Making the Sale Even in a Seller's Market, It Pays to Spruce Up

The co-op and condo market in New York City has been booming for some time now, so when properties go on sale, it's not very difficult to find a buyer. It doesn't really matter if it's a sprawling penthouse in a hot neighborhood or a small studio on an out-of-the-way street - if it's got four walls and running water (and sometimes even that is negotiable) your unit will sell.

If a seller is to get their asking price and maximize their property's potential, it's important that they do what they can to make the unit as attractive and appealing as possible. But it doesn't stop there. It's not only the unit that people care about - part of what makes an apartment attractive to a prospective buyer is the building itself: its appearance, services, amenities, sense of community, and overall financial and operational stability.

First Impressions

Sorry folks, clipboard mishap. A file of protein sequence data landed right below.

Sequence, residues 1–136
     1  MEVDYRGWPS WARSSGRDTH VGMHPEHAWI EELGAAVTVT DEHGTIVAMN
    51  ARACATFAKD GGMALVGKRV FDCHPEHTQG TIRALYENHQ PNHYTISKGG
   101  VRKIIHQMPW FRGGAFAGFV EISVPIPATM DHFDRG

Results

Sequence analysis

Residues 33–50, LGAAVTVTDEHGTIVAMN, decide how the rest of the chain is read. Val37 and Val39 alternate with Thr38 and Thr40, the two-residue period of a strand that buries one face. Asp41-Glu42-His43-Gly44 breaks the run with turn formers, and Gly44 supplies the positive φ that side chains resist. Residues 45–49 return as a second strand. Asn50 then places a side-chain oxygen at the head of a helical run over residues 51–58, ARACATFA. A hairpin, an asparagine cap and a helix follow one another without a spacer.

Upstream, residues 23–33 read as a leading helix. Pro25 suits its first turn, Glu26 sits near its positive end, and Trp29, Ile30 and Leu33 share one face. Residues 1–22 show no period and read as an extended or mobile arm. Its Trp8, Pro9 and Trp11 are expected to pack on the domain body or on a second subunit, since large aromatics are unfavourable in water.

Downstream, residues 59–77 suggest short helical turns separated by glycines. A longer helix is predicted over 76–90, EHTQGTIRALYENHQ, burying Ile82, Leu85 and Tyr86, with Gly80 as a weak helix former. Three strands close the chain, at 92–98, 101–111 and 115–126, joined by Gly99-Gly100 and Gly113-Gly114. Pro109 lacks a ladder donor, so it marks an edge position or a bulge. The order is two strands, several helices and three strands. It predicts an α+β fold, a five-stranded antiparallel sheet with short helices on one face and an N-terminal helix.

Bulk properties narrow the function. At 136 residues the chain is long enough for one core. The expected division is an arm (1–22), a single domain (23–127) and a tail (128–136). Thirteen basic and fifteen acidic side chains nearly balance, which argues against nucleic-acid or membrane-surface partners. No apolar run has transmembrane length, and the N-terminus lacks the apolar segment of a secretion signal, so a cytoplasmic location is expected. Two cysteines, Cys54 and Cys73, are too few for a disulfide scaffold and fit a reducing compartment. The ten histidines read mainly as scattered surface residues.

The first thing a prospective buyer will see when they come to view a home is the exterior of a building. Therefore, it's important that boards and managers concentrate on what's on the outside, both with small and major improvements.

"An example of this is the building at 32 Gramercy Park, which had a major change out over the last several years from street to elevator banks to hallways in the buildings," says Douglas Wagner of Benjamin James Associates, a management agency in Manhattan. "Everything was done over to make it look like a much more substantial residence with such an important address."

"On the small scale, a board or manager should do things like make sure awnings look good, and front entrances are clean. Lay down some nice mats, get some planters - make it look like a more homey type of building. There are lots of little things you can do that don't cost that much money," says Karen A. Berman, vice president of Argo Residential, a management firm based in Manhattan. "And if it's a doorman building, the doorman should look very professional. Uniforms are a good start."


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